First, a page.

- You lose a home game every other year. That means five conference road games in some years. Georgia is currently committed to a neutral site game every year and a road nonconference game every other year. Georgia would have to do some creative scheduling gymnastics to get more than six home games in a year. Once you’re used to seven home games, taking one away can be painful.
- Seven SEC teams will have an additional loss. Actual math! We can assume that most of those losses will be shared among the lower half of the league, but that extra loss could mean the difference in bowl eligibility for a team or two. At a higher level, it could cause the league to lose that second BCS bid now and then. The amount of money at stake is not a hard, quantifiable number and would vary from year to year, but it does introduce an element of risk in the SEC’s finances.
The pressure for a ninth game is more likely to come from the conference than any individual school. Schools like the extra cash from more home games, and they like the scheduling flexibility to chase a bowl bid or remain in the national picture. The conference has to pursue more money from the broadcasting rights in order to make the finances of expansion work. In exchange for those additional dollars, the networks will demand a larger inventory of games, and there’s your push for a ninth game. The conference will have to sell the schools that the additional money they’d receive from the networks would more than cover the expenses of fewer home games and the risk of diminished revenue from lost bowl or BCS bids.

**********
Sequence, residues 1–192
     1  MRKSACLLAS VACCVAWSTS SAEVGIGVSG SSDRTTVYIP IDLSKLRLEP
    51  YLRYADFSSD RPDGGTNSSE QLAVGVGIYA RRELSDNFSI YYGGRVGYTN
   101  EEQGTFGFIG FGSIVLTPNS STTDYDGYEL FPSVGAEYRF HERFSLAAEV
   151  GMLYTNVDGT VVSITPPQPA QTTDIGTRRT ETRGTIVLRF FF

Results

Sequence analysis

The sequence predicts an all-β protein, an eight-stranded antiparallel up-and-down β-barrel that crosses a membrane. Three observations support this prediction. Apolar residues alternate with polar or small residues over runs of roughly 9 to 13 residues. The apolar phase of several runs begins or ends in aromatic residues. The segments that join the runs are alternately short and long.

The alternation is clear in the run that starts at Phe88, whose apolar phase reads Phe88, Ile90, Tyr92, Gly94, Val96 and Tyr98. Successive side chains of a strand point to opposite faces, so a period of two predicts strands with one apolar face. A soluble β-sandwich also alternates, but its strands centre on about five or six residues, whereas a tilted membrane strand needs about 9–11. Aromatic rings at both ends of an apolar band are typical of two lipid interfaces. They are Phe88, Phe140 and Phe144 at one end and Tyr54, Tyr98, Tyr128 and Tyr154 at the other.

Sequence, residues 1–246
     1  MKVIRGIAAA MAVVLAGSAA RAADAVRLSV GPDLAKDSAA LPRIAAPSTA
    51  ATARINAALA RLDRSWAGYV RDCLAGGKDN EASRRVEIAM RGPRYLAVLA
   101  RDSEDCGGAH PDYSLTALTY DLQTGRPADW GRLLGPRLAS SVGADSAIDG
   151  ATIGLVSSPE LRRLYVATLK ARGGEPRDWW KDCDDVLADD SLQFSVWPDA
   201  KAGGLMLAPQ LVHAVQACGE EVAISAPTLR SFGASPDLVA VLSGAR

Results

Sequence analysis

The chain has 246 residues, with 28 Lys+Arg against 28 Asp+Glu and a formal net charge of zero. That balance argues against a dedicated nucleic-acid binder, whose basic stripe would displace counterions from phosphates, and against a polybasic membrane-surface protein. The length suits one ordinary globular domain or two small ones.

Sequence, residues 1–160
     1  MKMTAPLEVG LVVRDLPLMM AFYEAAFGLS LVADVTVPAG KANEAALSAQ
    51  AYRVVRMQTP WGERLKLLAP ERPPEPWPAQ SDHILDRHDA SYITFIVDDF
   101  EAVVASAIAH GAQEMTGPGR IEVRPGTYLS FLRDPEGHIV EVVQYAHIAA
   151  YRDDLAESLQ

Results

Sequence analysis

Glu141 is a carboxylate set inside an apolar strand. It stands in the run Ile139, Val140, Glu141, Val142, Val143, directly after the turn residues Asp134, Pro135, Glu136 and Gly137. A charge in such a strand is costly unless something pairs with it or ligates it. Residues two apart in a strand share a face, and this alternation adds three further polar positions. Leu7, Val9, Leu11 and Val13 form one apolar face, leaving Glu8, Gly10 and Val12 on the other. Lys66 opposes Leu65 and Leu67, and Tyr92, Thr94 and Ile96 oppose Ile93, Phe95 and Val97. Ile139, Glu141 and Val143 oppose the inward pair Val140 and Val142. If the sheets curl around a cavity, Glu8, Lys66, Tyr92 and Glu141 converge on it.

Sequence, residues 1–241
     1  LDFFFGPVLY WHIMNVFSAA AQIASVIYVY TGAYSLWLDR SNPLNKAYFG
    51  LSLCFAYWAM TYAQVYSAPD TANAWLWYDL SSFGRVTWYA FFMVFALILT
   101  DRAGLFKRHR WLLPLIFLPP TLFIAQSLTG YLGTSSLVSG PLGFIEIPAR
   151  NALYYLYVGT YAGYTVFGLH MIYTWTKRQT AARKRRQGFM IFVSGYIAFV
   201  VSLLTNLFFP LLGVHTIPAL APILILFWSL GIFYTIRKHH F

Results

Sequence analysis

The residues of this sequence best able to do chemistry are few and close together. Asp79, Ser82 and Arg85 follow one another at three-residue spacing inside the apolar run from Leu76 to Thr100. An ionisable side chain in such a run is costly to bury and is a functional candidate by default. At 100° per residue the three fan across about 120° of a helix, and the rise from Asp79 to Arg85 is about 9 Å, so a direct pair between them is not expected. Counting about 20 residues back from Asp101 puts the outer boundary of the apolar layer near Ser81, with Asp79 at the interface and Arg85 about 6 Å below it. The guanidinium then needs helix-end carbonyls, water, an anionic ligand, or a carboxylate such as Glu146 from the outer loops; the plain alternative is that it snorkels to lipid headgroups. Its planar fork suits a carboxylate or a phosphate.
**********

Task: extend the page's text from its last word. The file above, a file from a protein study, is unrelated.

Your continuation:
What are Georgia’s options with an 8-game SEC schedule
- Play the six division opponents, play a permanent West opponent, and rotate the remainder of the rest. This schedule maintains the current permanent opponent, but it will take over a decade to rotate through the rest of the West.
- Drop the permanent opponent and rotate two West opponents each year. This schedule maintains the current rotation, but it eliminates the permanent opponent (Auburn).
Personally, I’m fine with the first option. Playing Auburn is an important part of Georgia’s identity as a program. I can live with fewer trips to Starkville and most of the other destinations in the West. We’ll pour one out for Baton Rouge, but no one said this process would be without sacrifice. If the conference can accept some flexibility, I like Clay Travis’s idea giving teams the right to opt out of the permanent opponent. Not a bad idea if you can get past the certain cries of unbalanced schedules.